The overall cost was higher than initially estimated largely because much of the work had to be done by hand to avoid the use of machinery on land covering old water pipes; also the top of the ash track had to be surfaced with tarmac. Another additional expense was the double movement of materials due to the weight restriction on the bridge leading from Park Place to the (KGV) football field. To cover these a second grant application was made to SNH. While the work was in progress it became clear that additional drainage was needed for the path between the burn and the KGV football field. Money for this had to be diverted from Danny’s Brae which was then only partially upgraded. Hopefully this can be remedied sometime in the future.
The project was jointly funded by Scottish Natural Heritage; Stirling Council Local Community Development Fund; and Stirling Landfill Tax Trust. The project was managed by Neil Donaldson Environmental Consultancy Ltd and the work was carried out by Ralstone Contracts Ltd.
Country path pictures
Play park and drainage of school playing field
As Greenheart does not have charitable status, British Trust Conservation Volunteers (BTCV) acted as agent to acquire funds and to provide the project management to re-equip the play park and drain the school playing field. Unfortunately both applications for Scottish Executive funding were unsuccessful, but the exercise did show up the difficulties of getting funds for a school field, as it is generally considered the responsibility of the Local Council. It has also shown that grant applications are more likely to be successful where there is substantial evidence of community involvement. During this time a grant of £15,000 was obtained through the Community Council from Stirling Council Local Community Development Fund towards the drainage work, but this was withdrawn as it had not been spent in time.
In March 2006 it was decided to split the project; the School Board would pursue the issue of drainage for the school playing field whilst BTCV would continue to act as agent for the play park.
Whilst the School Board was looking at cheaper options for drainage, in spring 2006, it learned that the Scottish Football Association (SFA) was offering £10,000 towards the installation of ball courts in school grounds if the community could find the rest of the money. The overall cost is about £62,000. Stirling Council is offering £10,000 and will manage the project. The School Board is currently seeking the additional funding.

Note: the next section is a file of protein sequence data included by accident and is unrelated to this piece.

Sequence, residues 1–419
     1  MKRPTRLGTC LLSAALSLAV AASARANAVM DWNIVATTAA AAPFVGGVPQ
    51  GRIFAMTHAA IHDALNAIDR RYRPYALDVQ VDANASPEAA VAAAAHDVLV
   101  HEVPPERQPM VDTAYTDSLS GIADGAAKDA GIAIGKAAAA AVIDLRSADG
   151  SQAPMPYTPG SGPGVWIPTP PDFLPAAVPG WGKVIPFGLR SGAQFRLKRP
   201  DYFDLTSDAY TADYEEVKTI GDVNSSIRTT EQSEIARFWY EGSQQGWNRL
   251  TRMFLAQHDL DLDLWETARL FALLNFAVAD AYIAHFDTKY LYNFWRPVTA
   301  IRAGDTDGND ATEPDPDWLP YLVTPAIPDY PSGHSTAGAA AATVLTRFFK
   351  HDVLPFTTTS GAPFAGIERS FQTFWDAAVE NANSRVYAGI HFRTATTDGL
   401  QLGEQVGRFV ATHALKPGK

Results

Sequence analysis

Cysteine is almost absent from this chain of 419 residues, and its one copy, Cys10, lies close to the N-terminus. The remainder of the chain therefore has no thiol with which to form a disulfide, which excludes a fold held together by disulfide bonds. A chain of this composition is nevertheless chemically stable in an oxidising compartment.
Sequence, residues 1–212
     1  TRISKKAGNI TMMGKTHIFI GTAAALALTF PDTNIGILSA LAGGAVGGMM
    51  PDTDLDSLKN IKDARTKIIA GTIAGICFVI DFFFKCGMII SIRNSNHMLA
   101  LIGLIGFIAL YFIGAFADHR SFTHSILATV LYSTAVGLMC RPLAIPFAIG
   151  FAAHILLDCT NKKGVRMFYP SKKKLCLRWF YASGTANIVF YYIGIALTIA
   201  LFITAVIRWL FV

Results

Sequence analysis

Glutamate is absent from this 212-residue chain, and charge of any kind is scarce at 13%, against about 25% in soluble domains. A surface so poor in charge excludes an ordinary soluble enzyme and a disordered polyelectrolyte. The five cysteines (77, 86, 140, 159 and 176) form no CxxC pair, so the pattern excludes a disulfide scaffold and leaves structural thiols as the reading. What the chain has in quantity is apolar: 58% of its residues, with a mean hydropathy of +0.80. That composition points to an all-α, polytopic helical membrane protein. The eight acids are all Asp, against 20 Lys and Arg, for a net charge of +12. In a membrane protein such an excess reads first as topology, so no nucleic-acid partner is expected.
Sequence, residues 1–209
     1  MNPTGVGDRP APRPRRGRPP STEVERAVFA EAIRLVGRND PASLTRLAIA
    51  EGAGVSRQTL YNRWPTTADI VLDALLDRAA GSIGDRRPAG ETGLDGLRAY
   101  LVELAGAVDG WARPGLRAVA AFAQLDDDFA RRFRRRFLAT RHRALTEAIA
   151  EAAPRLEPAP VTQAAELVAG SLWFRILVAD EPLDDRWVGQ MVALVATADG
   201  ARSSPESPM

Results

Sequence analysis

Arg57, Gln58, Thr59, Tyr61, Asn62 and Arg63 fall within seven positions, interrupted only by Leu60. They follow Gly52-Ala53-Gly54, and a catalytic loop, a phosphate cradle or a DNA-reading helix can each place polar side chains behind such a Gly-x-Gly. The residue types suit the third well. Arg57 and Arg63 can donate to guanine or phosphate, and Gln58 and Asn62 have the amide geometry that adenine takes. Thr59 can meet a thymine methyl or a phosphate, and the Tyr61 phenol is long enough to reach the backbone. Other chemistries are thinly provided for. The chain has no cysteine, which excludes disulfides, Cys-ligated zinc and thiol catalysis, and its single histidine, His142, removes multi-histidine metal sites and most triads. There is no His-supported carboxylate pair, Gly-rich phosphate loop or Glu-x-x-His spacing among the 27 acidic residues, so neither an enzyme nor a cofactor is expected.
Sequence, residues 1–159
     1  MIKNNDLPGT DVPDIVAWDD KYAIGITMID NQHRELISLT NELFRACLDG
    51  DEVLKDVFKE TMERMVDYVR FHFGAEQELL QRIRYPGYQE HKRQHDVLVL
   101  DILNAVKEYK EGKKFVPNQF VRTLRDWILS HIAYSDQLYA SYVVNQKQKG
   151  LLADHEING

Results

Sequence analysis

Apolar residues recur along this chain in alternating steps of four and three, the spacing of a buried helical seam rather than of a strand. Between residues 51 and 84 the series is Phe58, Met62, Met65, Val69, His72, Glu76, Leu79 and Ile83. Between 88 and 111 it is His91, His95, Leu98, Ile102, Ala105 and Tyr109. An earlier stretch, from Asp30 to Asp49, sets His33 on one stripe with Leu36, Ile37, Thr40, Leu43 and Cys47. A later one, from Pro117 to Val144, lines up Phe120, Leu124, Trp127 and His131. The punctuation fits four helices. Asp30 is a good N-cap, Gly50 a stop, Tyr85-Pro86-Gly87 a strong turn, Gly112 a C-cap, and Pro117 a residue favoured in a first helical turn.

During summer 2006 Stirling Council Children’s Play Services commissioned a new design for the play park at a reduced budget of around £50,000. The area covered includes the adjacent woodland, although this will remain largely in its natural state. The design includes landscape play features based on the character of the site, as well as more traditional play equipment. A meeting was held in the school in September to see the draft plan. This was also attended by school staff and a primary seven pupil. Some elements had been omitted to reduce costs but it was decided to reinstate them and adjust the design later if there were insufficient funds. The designer was also asked to increase the provision for teenagers and add in seating in the woodland that would be suitable for a primary school class doing nature study. All this has increased the overall cost to £68,302, excluding the project management which will be carried out by the Council. The Council will also insure, inspect and maintain the equipment and wider area. A copy of the plan has been shown to the school pupil council and another has been put into the library.
This exercise is linking in with the school’s initiative to become an ‘eco’ school.
In summer 2006 both BTCV and Stirling Council Children’s Play Services advised that applications submitted by a local group were more likely to succeed than those submitted by an outside agency or community council, and so it was decided to establish a local development trust with charitable status. This will enable us to apply directly to the lottery and other bodies for funding for the play park and future elements of the overall project.
Cycle path and Bridle way
|The park plan includes a proposal to create a cycle path/bridle way along the old railway line from Station Road to the road bridge leading to Park Place. Also, Stirling Council has commissioned a feasibility study into linking the West Highland Way at Dumgoyach back down the old railway to link with the Strathkelvin Way beside the manse on Campsie Road. Unfortunately, there are other parts of the cycle network in the Council area which are of a higher priority but the Council hope to pursue funding whenever the opportunity arises.
Heritage trail and heritage interpretation board
For future consideration